Kaleidoscope academic conferences

Kaleidoscope is the ITU flagship event for academia, which brings together a wide range of views from universities, industry, and research institutions of different fields to identify emerging trends in technologies for a digital and sustainable transformation that can benefit humanity. Selected papers are presented at the conference and published in the Conference Proceedings and IEEE Xplore Digital Library. By viewing technologies through a Kaleidoscope, these forward-looking events also seek to identify new topics for ITU’s work. The objective is to hold these events once a year in different parts of the world. Kaleidoscope 2024 on Innovation and digital transformation for a sustainable world will be held in parallel with the World Telecommunication Standardization Assembly 2024 (WTSA-24), on 21-23 October, in New Delhi, India. This 15th Kaleidoscope also aims at engaging youth and future leaders and empowering academia in India.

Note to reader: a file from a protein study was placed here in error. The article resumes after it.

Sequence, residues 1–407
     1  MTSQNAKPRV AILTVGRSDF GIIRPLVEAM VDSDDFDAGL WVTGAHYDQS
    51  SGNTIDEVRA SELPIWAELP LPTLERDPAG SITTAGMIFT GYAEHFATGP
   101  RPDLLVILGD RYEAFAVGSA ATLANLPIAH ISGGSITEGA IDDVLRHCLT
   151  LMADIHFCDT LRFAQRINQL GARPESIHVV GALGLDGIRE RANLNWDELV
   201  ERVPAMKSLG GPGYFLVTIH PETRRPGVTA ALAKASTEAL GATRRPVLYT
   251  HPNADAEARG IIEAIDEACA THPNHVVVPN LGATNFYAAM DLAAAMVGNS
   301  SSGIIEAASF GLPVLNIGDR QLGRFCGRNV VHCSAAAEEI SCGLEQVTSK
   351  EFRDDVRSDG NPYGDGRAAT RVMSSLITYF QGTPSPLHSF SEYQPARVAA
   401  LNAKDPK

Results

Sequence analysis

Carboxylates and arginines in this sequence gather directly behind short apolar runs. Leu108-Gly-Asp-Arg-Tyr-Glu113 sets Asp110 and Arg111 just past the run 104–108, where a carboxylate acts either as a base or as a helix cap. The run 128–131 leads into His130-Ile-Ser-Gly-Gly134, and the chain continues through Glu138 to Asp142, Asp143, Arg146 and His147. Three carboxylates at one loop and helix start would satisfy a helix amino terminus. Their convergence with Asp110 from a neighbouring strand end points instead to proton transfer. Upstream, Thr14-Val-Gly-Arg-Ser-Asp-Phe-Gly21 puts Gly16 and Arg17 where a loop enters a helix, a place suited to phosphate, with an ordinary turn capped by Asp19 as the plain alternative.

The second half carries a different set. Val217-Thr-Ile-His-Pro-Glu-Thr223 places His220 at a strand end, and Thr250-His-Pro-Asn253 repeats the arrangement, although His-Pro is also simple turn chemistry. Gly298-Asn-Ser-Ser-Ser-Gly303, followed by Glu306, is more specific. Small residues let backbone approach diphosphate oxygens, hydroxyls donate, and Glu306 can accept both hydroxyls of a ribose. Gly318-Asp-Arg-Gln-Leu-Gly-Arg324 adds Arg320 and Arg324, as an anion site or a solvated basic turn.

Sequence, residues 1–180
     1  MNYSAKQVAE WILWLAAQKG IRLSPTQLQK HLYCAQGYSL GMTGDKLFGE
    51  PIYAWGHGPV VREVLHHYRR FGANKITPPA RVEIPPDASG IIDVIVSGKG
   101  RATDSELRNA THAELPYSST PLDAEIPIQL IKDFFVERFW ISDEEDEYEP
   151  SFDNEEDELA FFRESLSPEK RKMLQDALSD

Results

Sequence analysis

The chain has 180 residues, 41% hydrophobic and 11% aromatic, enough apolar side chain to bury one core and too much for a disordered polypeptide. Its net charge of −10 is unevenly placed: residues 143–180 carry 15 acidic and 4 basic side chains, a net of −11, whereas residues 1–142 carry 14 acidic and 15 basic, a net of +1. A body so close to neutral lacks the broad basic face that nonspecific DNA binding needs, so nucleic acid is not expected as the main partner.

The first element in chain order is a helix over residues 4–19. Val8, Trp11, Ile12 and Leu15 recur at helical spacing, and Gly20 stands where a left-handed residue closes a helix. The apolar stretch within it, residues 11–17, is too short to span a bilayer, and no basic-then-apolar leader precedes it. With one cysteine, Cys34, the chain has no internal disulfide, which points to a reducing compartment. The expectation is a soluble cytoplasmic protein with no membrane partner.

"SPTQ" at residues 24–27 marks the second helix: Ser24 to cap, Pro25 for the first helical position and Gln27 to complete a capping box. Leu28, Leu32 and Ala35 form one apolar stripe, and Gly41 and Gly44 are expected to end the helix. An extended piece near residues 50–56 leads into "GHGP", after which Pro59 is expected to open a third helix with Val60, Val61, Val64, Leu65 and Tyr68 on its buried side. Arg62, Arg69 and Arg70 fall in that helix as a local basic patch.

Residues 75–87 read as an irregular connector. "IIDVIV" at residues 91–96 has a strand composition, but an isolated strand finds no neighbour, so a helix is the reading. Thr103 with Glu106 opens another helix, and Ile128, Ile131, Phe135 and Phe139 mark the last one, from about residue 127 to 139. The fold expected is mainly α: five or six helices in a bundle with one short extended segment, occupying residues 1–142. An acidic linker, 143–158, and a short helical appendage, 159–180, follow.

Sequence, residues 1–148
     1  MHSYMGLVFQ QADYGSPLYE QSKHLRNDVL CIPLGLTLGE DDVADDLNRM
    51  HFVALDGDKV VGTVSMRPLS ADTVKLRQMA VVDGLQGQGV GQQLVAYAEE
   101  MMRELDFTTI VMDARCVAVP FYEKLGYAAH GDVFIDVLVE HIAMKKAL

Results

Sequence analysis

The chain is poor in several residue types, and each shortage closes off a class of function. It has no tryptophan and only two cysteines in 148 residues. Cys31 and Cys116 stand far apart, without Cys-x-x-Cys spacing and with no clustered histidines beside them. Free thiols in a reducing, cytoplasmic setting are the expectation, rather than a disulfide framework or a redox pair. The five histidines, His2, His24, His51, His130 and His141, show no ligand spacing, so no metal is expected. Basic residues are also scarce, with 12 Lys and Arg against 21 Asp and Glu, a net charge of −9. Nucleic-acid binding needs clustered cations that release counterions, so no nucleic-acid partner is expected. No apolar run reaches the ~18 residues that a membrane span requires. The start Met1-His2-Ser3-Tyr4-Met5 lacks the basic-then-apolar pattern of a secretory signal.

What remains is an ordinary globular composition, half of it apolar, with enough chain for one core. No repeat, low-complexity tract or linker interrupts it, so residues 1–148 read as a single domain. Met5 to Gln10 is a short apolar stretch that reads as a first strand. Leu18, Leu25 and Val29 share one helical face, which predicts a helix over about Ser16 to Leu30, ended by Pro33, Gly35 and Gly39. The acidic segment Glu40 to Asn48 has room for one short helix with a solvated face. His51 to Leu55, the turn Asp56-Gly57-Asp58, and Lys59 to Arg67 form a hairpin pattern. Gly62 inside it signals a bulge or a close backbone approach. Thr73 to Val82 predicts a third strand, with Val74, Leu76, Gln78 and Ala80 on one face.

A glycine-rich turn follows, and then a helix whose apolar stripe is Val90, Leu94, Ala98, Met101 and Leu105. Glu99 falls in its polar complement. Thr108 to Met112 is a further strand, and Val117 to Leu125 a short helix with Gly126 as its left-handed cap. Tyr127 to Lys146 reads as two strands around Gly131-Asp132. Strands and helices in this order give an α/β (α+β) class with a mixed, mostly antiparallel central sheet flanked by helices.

ITU Journal 

The scholarly ITU Journal on Future and Evolving Technologies (ITU J-FET) provides complete coverage of all communications and networking paradigms. ITU J-FETl considers yet-to-be-published papers addressing fundamental and applied research. It shares new techniques and concepts, analyses, and tutorials, as well as learning from experiments and physical and simulated testbeds. It also discusses the implications of the latest research results for policy and regulation, legal frameworks, the economy and society. This publication builds bridges between disciplines, connects theory with application, and stimulates international dialogue. Its interdisciplinary approach reflects ITU’s comprehensive field of interest and explores the convergence of ICT with other disciplines.